KITCHEN MAVEN: Cooking Hints, Little Tricks (Part 1) and Affogato

By Judith Yamada, Kitchen Maven
•You don’t need a rolling pin to make biscuits. To make layers, fold the dough over itself, into thirds like an envelope, turn and do again, about 5-10 times, pressing evenly, with the hands, to about ½ inch high. Then cut.
•When cutting biscuits never twist the biscuit cutter. Twisting may prevent them from rising evenly.
•If you do need a rolling pin for a new recipe, and don’t have one, remove the labels from a wine bottle, wash the bottle and use it as your rolling pin.
•If you see a cake or cookie recipe that is vanilla and you’d like it to be chocolate, delete an amount of flour and replace it with the same amount of unsweetened baking cocoa powder (1/4 cup – ½ cup). Add 1-teaspoon oil for each ¼ cup you replace. Bake as usual.
•To get a richer flavor, in chocolate cakes, replace all or some of the liquid with strong coffee of the same temperature.

•To get thin even slices from a round layer cake, cut off two opposite round sides, and slice the remaining down the center into small slices. Save the sides for later.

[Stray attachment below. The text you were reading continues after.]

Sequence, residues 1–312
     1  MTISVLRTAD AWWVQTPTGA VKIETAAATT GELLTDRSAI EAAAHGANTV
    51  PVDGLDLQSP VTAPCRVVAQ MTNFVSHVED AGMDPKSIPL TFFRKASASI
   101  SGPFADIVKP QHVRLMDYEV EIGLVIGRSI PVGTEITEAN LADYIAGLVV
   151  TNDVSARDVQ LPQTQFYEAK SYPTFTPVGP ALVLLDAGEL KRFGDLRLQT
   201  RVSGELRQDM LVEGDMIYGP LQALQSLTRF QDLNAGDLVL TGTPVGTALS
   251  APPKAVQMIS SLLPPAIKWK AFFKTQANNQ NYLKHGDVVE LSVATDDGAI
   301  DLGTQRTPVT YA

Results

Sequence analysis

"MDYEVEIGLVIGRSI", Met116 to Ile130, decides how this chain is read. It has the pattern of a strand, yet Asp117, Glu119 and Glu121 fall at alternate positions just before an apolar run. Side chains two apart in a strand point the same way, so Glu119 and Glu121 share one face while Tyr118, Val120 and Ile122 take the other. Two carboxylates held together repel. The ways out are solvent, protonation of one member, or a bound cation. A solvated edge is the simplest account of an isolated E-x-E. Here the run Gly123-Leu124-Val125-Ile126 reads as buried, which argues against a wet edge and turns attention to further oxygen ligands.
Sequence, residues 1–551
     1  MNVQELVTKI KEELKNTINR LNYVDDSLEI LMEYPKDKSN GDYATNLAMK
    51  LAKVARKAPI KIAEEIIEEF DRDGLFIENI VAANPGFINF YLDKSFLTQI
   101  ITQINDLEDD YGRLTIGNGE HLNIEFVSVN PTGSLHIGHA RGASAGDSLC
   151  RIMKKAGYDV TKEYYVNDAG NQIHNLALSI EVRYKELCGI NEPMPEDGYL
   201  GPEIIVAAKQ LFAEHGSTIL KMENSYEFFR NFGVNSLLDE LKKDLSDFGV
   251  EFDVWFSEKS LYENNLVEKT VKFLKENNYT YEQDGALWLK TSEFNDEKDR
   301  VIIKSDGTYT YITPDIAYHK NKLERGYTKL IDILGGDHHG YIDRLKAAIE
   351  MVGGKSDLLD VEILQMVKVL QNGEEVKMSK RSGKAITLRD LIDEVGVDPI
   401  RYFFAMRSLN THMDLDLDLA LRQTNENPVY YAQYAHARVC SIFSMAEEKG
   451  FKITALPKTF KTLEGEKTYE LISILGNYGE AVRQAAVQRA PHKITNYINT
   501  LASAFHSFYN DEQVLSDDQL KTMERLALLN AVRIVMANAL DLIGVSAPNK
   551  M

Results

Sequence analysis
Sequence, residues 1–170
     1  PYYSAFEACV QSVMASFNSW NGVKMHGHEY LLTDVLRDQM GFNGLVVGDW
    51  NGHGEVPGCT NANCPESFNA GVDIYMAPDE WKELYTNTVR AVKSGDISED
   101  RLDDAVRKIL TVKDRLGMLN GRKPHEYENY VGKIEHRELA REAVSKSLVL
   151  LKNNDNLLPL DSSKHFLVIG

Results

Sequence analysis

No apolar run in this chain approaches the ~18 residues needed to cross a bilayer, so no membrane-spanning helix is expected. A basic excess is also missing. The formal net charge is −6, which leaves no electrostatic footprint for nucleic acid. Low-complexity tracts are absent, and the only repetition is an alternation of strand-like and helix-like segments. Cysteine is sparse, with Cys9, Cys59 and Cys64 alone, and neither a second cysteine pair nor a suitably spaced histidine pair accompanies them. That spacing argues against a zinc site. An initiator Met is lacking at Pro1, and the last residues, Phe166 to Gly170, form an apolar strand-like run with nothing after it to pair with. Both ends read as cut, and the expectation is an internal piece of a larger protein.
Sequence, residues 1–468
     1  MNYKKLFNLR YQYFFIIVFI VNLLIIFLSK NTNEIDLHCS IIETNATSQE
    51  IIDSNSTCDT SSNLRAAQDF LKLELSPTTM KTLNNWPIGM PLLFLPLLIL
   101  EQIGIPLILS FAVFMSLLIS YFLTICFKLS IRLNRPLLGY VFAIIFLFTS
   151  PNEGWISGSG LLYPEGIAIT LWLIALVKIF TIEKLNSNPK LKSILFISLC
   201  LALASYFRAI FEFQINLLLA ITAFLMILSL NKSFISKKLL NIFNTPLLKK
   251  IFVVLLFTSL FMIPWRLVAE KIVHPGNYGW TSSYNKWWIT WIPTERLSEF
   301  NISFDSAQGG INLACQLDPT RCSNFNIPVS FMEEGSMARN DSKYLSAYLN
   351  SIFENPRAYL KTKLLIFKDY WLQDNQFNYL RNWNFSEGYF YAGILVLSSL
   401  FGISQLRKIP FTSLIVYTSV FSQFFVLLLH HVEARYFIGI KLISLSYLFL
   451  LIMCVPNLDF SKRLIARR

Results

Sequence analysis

•When rolling pie dough, roll it between two pieces of wax paper. This allows you to flip the whole dough and roll out on the opposite side for a thinner crust.
•When preparing pie dough, chill it well before rolling. Chilled butter and soft butter will work differently in the finished crust, providing the chilled crust with a better flake.
•When raising yeast dough, heat the gas oven to 350 degrees F. for one minute and the electric oven for two minutes. Immediately turn off the oven heat and put in the bowl of covered dough. The slight warmth in the oven will help bring about a good rise.
•When a recipe calls for a certain size baking dish or cake pan, and you don’t have that size, add the diameter inches to determine what other size pan might work; eg. Recipe calls for a 7” x 11” baking dish which you don’t have, but your 9” x 9” pan will work because it has the same dimensions.

•Hard-boiled eggs can be difficult to peel when made with very fresh eggs, and that can ruin the looks of your devilled eggs. So, use older eggs for recipes in which the aesthetics of the peeled egg are important. They will peel like a breeze.
•When using eggs in a baking recipe, let them come to room temperature before incorporating into the recipe. They will incorporate into the batter much better.
•When preparing eggs to cook and eat fried or poached, use cold eggs. They won’t spread nearly as much as room temperature eggs, and will hold their shape.
•Put a teaspoon of unseasoned vinegar into the poaching water when poaching eggs. Helps keep the whites together.

•If a recipe calls for buttermilk, and you don’t have any, replace with sweet milk and 1-tablespoon vinegar or lemon juice. Allow mixture to sit at least 5 minutes before using.

•For a delicious, fast and light dessert, put a scoop of ice cream or gelato into a coffee cup and pour two shots of hot espresso or strong black coffee (or decaf) around the ice cream. You’ll get to try an Affogato. Enjoy!